Kathryn Ffion Davies

PhD Student

Thesis: Incorporated monstrosity in the print culture of Antwerp, c.1566-c.1600

Supervisor: Professor Joanna Woodall   Advisor: Professor Katie Scott

My thesis examines imagined monstrous bodies in the print culture of Antwerp in the late sixteenth century. During this period, Antwerp was a hub of international trade, a prolific producer of artisanal and artistic goods, a frontrunner in printed book and image production and a centre of intellectual endeavour. Simultaneously, it was being threatened by political, social and religious upheaval due to Protestant iconoclasm and revolt against the incumbent sovereign, Philip II of Habsburg. My research explores the distinctive relationship between this unsettled, globalising city and the unstable boundary between human and animal bodies in visual culture. It considers a broad corpus of printed material on themes such as inhuman war, religious sin, and cannibalism, produced by printmakers in Antwerp such as Adriaen Collaert (1560-1618), Maarten de Vos (1532-1603), and Jan Wierix (1549-1620). Drawing on critical posthumanism, monsters will be considered as embodying shunned elements of the self that are incorporated within the body and emerge in periods of turmoil. It is only recently that posthuman methodologies have been utilised in early modern historical studies, and rarely have they been applied to art history. My research addresses this deficiency in the discipline and advocates for sustained inquiry into definitions of the (non-)human in historical contexts.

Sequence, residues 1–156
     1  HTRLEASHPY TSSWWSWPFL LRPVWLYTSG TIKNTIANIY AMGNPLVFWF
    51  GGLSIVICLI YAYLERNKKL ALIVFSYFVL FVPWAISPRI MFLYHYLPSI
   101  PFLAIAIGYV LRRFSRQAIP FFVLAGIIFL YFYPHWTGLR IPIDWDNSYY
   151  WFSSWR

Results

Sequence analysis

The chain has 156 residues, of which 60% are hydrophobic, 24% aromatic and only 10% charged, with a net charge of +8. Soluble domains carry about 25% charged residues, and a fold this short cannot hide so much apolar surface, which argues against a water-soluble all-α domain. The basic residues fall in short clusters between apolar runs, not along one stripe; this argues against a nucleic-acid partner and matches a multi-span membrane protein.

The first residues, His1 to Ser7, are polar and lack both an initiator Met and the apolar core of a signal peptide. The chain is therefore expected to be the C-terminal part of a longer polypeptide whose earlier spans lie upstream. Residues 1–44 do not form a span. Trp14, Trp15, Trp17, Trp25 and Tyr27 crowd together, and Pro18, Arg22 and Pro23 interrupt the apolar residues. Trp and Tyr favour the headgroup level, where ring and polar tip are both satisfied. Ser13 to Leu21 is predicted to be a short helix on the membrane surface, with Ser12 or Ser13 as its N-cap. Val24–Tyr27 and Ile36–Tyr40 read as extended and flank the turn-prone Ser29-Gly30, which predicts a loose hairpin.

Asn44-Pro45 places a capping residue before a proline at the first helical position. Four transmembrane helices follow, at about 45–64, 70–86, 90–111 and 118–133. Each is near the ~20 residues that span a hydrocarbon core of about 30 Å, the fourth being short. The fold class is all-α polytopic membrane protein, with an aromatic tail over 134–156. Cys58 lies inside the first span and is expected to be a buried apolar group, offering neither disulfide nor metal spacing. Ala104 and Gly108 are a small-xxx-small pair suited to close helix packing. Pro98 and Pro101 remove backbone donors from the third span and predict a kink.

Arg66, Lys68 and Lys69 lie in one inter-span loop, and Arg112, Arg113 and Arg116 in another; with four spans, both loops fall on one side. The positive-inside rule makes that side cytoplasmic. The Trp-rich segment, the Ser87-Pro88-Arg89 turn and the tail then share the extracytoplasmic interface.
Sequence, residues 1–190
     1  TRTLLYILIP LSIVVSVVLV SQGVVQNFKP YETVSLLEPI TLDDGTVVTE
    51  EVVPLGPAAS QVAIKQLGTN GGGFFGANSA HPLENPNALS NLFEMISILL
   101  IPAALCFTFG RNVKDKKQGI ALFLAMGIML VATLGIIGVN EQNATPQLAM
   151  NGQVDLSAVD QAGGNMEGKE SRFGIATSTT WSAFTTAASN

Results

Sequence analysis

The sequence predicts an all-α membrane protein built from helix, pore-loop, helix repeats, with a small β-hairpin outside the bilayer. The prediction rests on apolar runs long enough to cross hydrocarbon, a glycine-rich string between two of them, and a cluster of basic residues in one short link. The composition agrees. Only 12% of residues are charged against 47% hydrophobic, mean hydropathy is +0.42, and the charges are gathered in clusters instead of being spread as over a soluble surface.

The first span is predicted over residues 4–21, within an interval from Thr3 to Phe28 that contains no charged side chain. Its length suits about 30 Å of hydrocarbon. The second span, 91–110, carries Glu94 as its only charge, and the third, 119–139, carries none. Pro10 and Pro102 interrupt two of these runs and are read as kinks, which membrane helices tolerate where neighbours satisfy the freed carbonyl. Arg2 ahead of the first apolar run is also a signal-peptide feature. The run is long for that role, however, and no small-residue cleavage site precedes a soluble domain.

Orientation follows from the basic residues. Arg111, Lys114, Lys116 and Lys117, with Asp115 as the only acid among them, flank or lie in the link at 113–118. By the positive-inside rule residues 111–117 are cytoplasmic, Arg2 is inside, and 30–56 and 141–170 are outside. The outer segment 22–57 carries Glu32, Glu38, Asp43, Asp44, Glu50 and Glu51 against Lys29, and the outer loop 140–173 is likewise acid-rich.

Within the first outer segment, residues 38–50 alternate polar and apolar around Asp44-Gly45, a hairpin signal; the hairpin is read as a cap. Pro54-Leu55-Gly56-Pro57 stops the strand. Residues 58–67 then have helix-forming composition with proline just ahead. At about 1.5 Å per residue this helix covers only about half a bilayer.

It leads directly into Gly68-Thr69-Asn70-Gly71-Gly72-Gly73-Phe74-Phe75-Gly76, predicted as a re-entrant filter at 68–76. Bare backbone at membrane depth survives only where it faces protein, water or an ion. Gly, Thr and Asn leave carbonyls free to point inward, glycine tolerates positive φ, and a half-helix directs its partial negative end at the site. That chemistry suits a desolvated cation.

2021- : Doctorate of Philosophy in History of Art, The Courtauld Institute of Art

2020-2021: Master of Arts in History of Art, The Courtauld Institute of Art (Distinction)

2017-2020: Bachelor of Arts in History, Exeter College, University of Oxford (First Class)

Research Interests

  • Monstrosity, the posthuman, and the nonhuman
  • Animal studies
  • (Im-)Perfection and ideas of the human self
  • Print production and dissemination